The following article features coverage from the American Society of Hematology 2020 meeting. Click here to read more of MPR’s conference coverage.


Lisocabtagene maraleucel (liso-cel) demonstrated promising clinical activity with low rates of grade 3 or higher cytokine release syndrome (CRS) and neurotoxicity among patients with relapsed/refractory mantle cell lymphoma (MCL), according to results of a phase 1 study presented at the virtual 62nd American Society of Hematology (ASH) Annual Meeting and Exposition.

Relapsed MCL is associated with poor response to salvage therapy. Chimeric antigen receptor (CAR) T-cell (CAR-T) therapy has demonstrated promising efficacy in other subtypes of non-Hodgkin lymphoma.

Liso-cel is a CD19-directed, 4-1BB CAR-T product administered as separate CD8-positive and CD4-positive CAR-positive T-cell components at equal doses.


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“The objective of this study was to determine the safety and initial antitumor activity of liso-cel in patients with relapsed/refractory MCL from the TRANSCEND study,” Maria Lia Palomba, MD, of Memorial Sloan Kettering Cancer Center in New York City, and presenter of the study, said.

The phase 1 study included a cohort of 32 patients with relapsed/refractory MCL treated with liso-cel at 1 of 2 doses. All patients received lymphodepleting chemotherapy, and bridging therapy was allowed between leukapheresis and lymphodepletion. The coprimary endpoints were safety and objective response rate (ORR). The secondary endpoints included complete response (CR) rate, duration of response, progression-free survival (PFS), and overall survival (OS).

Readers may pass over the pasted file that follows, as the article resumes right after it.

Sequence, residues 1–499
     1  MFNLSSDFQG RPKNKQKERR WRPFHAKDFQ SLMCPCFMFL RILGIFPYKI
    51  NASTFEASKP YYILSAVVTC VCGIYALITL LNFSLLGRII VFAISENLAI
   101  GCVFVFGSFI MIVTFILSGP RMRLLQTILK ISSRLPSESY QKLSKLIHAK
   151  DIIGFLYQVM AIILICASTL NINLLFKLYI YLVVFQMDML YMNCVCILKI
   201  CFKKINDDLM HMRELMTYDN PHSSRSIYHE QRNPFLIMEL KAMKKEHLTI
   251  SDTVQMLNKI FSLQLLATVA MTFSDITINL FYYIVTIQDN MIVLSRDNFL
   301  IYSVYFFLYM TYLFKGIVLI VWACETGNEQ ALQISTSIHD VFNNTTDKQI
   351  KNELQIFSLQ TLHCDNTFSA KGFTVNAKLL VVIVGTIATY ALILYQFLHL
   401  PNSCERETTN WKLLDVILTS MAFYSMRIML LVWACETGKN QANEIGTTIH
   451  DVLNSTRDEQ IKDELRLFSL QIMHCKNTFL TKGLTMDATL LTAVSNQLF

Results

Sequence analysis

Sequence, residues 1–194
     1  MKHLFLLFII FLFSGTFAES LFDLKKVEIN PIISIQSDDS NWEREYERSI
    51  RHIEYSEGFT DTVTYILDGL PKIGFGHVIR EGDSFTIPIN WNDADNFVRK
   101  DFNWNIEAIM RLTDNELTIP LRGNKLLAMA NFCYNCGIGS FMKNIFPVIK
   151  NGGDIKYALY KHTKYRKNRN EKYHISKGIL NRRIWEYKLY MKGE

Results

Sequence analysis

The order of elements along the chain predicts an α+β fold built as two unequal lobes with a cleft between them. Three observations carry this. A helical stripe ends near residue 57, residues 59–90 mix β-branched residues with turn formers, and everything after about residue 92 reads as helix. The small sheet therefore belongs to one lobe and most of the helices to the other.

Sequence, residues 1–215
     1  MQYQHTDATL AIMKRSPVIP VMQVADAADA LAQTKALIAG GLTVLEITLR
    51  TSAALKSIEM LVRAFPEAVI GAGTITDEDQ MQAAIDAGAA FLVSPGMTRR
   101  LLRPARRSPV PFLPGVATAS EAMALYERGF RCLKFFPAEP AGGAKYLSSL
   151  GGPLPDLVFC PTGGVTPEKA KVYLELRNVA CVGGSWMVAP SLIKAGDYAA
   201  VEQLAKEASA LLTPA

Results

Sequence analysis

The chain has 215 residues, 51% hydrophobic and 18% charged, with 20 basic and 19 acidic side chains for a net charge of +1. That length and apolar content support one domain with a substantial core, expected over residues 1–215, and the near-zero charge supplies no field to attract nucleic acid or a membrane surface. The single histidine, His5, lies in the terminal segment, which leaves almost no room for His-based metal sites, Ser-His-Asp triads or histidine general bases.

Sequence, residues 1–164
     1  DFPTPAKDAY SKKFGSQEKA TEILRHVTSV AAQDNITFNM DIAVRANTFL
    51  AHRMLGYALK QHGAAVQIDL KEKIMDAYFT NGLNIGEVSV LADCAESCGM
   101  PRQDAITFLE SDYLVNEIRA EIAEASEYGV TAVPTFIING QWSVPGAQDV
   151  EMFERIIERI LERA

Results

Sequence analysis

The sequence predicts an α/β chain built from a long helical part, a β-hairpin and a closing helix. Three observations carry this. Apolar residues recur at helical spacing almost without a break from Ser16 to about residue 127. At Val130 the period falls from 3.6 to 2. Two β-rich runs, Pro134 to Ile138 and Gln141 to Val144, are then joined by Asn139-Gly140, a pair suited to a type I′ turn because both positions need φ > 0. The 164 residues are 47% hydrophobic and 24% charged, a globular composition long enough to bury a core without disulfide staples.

At baseline, the median age of patients in the cohort was 67 years, and 84% were male. Blastoid morphology was present in 41% of patients, Ki67 was 30% or higher among 72% of patients, TP53 mutations was found among 22% of patients, and a complex karyotype was seen in 34% of patients. The median number of prior lines of therapy was 3 (range, 1-7) and 81% of participants were refractory to their last treatment.

Among evaluable patients, the overall ORR was 84%, with a CR rate of 66%. The ORR benefit was 83% for patients with a Ki67 of 30% or higher, at 77% in those with blastoid morphology, and in 100% of those harboring TP53 mutations. The median duration of response was not yet reached, with a median follow-up of 3.9 months.

“A total of 6 patients have demonstrated a durable response of over 1 year in this ongoing study,” Dr Palomba said.

The median time to liso-cel expansion was 10 days after infusion, and persisted for at 1 year among 67% of patients and 2 years among 33% of patients with sufficient follow-up.

Serious treatment-emergent adverse events (TEAEs) developed in 56% of patients, with the most common grade 3 or higher TEAEs including neutropenia, anemia, and thrombocytopenia. Cytokine release syndrome occurred in 50% of patients, with 1 grade 4 event and no grade 3 or 5 events. Neurotoxicity occurred in 34% of patients, including 3 grade 3 events and no grade 4 or 5 events.

Dr Palomba concluded that these results suggest that liso-cel is “associated with promising clinical activity and a low incidence of grade 3 or higher CRS and neurologic events.”

Disclosures: Some of the presenters disclosed financial relationships with the pharmaceutical industry and/or the medical device industry. For a full list of disclosures, please refer to the presentation abstract.

Read more of MPR’s coverage of the ASH 2020 meeting by visiting the conference page.

Reference

Palomba ML, Gordon LI, Siddiqi T, et al. Safety and preliminary efficacy in patients with relapsed/refractory mantle cell lymphoma receiving lisocabtagene maraleucel in Transcend NHL 001. Presented at: 62nd American Society of Hematology (ASH) Annual Meeting and Exposition; December 5-9, 2020. Abstract 118.

This article originally appeared on Cancer Therapy Advisor